President Obama’s 80 Percent Clean Energy Goal by 2035 – NPR’s Tom Ashbrook, On Point host, discusses the challenges with guests and callers.

Tom Ashbrook, NPR’s On Point host,  interviews and presses guest, Nathan Lewis, Director of Caltech’s Joint Center for Artificial Photosynthesis (JCAP)  to describe what the clean energy generation market would possibly look like in 2035, if the goal were met.  The JCAP center was awarded  a $122 million DOE grant, last summer, to establish an energy innovation hub. One of its key research objectives is to derive liquid fuels from sun light in the form of either hydrogen or methanol.

Steven Mufson, energy correspondent for the Washington Post, provides counterpoint by the touching on the political barriers, lack of consumer incentives to induce change and power of the “cheap energy” soundbite card frequently played by politicians, as the means to re-energize the U.S. economy — or, to stall change within the multi-trillion dollar energy industry. David Cash, newly appointed Under Secretary for Policy serving within Massachusetts Energy and Environmental Affairs Office,  then calls in to discuss Massachusetts’ clean energy market growth.

Key points raised during the show are:

  • Cheap energy storage technology is essential  (“He who cannot store will not have power after four.”)
  • Reducing monetary risk to promote greater capital investment in R&D and start-up formation.
  • Continued emphasis on energy efficiency.
  • Adoption of clean energy initiatives are moving forward at the state-level while energy policy formation a federal-level remains at the crossroads.

The On Point, Energy Ideas and Realities: 80% Clean by 2035 podcast is available here.


Zigbee Smart Energy Network Security – A Quick Primer

If your planning to develop a Zigbee Smart Energy Profile (SEP) application or technically curious as why a Google PowerMeter enabled device that you wish to purchase cannot simply inter-operate out-of-the-box with your utility-provided smart energy device, then read on.

In beginning to gain an understanding of the Zigbee Smart Energy (SE) security framework, it’s helpful to draw analogies with the existing Internet security model: SEP uses certificates similar to SSL certificates and digital keys similar to those used in provisioning VPN connections. The implementations are quite different – due to the unique characteristics of the embedded devices — but conceptually the usage is very similar when compared to the Internet security model.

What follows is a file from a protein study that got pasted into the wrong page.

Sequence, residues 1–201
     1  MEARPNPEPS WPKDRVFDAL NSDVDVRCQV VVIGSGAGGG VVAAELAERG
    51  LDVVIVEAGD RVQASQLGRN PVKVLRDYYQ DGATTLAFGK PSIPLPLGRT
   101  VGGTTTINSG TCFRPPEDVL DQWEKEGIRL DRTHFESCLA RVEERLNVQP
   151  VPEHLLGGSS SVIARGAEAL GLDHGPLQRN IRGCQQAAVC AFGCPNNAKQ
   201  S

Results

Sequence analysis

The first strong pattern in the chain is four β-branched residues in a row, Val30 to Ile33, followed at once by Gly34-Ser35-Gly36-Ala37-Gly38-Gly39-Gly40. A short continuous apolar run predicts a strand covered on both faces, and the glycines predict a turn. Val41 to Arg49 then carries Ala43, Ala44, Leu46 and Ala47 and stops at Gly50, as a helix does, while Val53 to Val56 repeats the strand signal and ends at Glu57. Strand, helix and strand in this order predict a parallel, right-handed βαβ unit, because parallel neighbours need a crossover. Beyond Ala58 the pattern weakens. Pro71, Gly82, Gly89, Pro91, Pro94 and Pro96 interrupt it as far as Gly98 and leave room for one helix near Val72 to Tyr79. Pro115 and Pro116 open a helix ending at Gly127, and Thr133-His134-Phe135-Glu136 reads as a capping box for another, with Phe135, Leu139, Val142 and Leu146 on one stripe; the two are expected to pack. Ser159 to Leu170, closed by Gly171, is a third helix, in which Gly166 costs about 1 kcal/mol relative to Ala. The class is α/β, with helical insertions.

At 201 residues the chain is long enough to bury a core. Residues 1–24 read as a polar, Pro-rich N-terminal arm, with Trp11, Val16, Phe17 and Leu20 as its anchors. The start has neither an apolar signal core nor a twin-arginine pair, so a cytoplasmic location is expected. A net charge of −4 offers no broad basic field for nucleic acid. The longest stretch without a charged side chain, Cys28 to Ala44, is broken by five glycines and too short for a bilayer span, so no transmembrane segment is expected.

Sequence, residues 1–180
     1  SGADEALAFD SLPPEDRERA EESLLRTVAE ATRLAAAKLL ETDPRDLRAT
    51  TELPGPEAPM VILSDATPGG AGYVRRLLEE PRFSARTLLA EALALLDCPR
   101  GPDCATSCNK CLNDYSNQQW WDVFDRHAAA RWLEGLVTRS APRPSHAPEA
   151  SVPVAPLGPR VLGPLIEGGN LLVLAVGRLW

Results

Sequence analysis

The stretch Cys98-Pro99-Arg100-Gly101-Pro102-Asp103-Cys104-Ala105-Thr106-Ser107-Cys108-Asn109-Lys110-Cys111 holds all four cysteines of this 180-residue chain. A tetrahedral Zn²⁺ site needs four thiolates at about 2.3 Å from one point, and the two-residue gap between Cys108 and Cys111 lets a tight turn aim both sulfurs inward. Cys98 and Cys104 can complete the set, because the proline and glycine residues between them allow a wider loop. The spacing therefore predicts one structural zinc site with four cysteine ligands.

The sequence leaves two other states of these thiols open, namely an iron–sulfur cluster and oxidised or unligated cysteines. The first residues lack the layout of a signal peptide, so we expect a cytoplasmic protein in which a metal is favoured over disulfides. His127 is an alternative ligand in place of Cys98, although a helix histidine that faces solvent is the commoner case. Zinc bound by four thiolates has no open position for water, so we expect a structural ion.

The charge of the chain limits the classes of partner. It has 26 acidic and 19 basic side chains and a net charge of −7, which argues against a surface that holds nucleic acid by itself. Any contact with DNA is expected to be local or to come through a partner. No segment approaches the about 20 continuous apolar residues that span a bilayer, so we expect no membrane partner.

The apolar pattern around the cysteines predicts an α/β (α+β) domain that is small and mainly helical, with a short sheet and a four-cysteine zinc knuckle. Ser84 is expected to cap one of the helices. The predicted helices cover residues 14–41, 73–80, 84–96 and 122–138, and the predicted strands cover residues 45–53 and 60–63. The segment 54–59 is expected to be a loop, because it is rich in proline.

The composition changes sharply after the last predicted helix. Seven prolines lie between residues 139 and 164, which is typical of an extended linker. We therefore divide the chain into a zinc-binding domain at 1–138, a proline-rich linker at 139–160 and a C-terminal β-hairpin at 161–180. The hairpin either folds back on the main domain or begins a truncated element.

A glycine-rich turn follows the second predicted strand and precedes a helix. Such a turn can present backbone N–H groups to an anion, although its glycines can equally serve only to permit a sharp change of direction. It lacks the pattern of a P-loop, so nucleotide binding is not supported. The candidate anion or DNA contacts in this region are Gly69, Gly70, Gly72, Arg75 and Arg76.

Certicom, a wholly own subsidiary of RIM, is the name of the company that registers, generates and validates Zigbee Smart Energy digital certificates. Certicom’s role within the Zigbee ecosystem is similar to Verisign’s role in the securing Internet-based transactions; They are “the” trusted registration agent for authenticating Zigbee Smart Energy messages. The certificates provided by Certicom are used for both data encryption and authentication.

The method of certificate authentication and construction is slightly different than the Internet security model. Unlike the Internet, where a web browser connects with Verisign to validate the digital certificate it download from a website, in the SEP security world the public key is piggy-backed with the certificate and encrypted. It’s referred to as an implicit certificate. The entire certificate is also encrypted differently using an algorithm called Elliptic Curve Cryptography (ECC) that’s embedded device-friendly. Since each device has a copy of the public key installed within its own unique certificate, this can be used to authenticate the SEP message or payload. The authentication is not actually done certificate-against-certificate but during link key establishment with a node’s immediate neighbor.

Zigbee secures the networks using two types of keys: link keys and network keys. Network keys are used to encrypt the SEP data (i.e. customer specific data) or payload that’s traversing the Zigbee network.  Whereas the network key encrypts the payload, the link key encrypts the entire message being exchanged between neighboring devices. And for every pair of neighboring Zigbee device connections a unique link key is derived and used to encrypt the traffic. A Zigbee device attempting to establish an initial communication link to a neighboring device will fail if the certificate is invalid. Zigbee devices processing SEP messages will also not route packets that cannot be authenticated against its own certificate.

To support interoperability with any SE certified Zigbee device, the bridge between the utility’s backend provisioning system and a SE HAN (Home Area Network) is through the HAN’s trust center. In most cases, the trust center function will be embedded in the software that drives the in-home device provided by the utility. For any Zigbee device to attach itself to a SE HAN it must first contact the trust center. This done using a well known address (i.e. 0x00000000.) The device will only be able to establish communication with the trust center if it contains a valid certificate that’s honored by the utility. Otherwise its attempts to connect to the network will timeout or be rejected.